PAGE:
Magnolia acuminata var. subcordata 'Miss Honeybee'
Common Name: magnolia 
Type: Tree
Family: Magnoliaceae
Zone: 5 to 8
Height: 20.00 to 25.00 feet
Spread: 15.00 to 20.00 feet
Bloom Time: April to May
Bloom Description: Light to medium yellow
Sun: Full sun to part shade
Water: Medium
Maintenance: Low
Suggested Use: Shade Tree, Flowering Tree
Flower: Showy, Fragrant
Leaf: Good Fall
Fruit: Showy


Best grown in moist, organically rich, well-drained loams in full sun to part shade. Generally intolerant of soil extremes (dry or wet). Intolerant of most urban pollutants. May take 12 or more years before first blooms appear.

Noteworthy Characteristics

Magnolia acuminata, commonly known as cucumber tree, is native to eastern North America, reaching its largest size in the southern Appalachian Mountains. It is the only magnolia that is native to Missouri where it typically occurs in moist soils in wooded valleys, bluff bases and thickets along the Mississippi River in the far southern part of the state (Steyermark). This is a deciduous magnolia that produces slightly-fragrant, greenish-yellow, tulip-like flowers (2-4” long) at the twig tips in late spring, but is named for the green, warty, cucumber-like fruits (seedcones) that follow the flowers. Cone-like fruits mature to a showy red in late summer, releasing individual red coated seeds suspended on slender threads at maturity. Cucumber tree is a straight-trunked tree that typically grows 40-70’ (less frequently to 100’) tall with a pyramidal crown. Trunk diameter of mature trees can reach 3-4’, with furrowed dark gray-brown bark. Ovate, yellow-green leaves (to 10” long) are, as the specific epithet suggests, pointed at the tip (acuminate), but not classic narrow-tapering acuminate form. Unlike most magnolias, this tree often produces respectable fall color (gold).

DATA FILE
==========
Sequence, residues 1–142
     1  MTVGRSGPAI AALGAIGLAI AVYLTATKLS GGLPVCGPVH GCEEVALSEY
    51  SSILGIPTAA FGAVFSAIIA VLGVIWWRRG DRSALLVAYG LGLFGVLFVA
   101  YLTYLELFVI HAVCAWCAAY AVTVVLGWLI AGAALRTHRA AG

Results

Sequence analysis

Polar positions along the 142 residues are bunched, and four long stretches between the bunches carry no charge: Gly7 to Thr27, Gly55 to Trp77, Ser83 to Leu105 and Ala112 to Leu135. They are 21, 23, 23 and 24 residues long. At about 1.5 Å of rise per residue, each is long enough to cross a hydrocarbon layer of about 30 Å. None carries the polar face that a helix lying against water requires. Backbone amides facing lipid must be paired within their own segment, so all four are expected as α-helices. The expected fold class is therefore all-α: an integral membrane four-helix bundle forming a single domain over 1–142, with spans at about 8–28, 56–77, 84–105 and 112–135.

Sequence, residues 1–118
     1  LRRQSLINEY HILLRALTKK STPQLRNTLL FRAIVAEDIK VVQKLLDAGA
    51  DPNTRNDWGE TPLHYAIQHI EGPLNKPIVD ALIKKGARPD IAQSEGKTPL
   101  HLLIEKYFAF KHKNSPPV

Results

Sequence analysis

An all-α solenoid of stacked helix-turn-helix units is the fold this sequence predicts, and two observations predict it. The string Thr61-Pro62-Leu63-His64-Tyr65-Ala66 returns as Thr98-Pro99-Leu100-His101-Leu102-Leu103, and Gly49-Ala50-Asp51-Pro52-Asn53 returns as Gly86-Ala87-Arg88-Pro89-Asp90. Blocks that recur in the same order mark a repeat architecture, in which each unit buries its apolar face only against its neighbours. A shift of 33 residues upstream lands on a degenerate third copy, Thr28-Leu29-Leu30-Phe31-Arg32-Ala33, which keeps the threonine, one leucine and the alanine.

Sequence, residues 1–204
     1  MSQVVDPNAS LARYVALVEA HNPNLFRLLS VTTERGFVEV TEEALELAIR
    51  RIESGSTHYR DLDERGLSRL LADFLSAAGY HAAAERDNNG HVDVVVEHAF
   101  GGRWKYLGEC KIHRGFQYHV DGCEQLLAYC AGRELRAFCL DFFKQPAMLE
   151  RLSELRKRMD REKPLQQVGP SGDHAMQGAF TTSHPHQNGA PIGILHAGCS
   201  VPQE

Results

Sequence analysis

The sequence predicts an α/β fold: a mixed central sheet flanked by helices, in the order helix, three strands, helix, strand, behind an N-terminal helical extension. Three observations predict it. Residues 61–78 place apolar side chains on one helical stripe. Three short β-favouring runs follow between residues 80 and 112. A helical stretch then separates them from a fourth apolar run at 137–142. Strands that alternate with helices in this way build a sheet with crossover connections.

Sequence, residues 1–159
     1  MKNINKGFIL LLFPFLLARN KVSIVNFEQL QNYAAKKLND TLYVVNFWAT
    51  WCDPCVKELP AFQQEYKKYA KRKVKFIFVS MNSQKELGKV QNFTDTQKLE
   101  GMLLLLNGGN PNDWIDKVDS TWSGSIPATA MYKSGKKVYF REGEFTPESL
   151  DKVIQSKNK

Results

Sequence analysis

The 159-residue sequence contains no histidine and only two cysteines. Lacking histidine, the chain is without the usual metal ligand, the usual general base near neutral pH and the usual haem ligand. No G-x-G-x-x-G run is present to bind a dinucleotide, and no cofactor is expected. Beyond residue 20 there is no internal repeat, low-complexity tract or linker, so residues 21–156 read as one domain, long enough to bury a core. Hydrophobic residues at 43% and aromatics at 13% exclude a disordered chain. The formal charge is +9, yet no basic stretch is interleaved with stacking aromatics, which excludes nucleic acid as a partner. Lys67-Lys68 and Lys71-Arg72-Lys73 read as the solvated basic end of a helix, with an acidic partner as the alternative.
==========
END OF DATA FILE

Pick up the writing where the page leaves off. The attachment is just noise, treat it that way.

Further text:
Var. subcordata is smaller than the species growing 20 to 30 ft. tall. Its leaves are smaller, broader and a more lustrous dark green. Commonly called yellow cucumber tree, the flowers emerge with the leaves, are more tulip-shaped and closer to yellow in color.

Genus name honors Pierre Magnol, French botanist (1638-1715).

Specific epithet means pointed at the tip.

'Miss Honeybee' is a compact large shrub or small tree with dark green, 4 to 7 in. long leaves. In early spring just before or just as the leaves emerge, it has fragrant, light to medium yellow, cup-shaped flowers with a peach reverse that mature into green, cucumber-shaped fruit composed of several orange to red seeds. It grows 20 to 25 ft. tall and 15 to 20 ft. wide. 'Miss Honeybee' is used in hybridizing and is one of the parents of Magnolia 'Gold Star' and M. 'Goldfinch'.


No serious insect or disease problems.


One of the few magnolias that will serve as a shade or lawn tree. Needs a large space. Parks.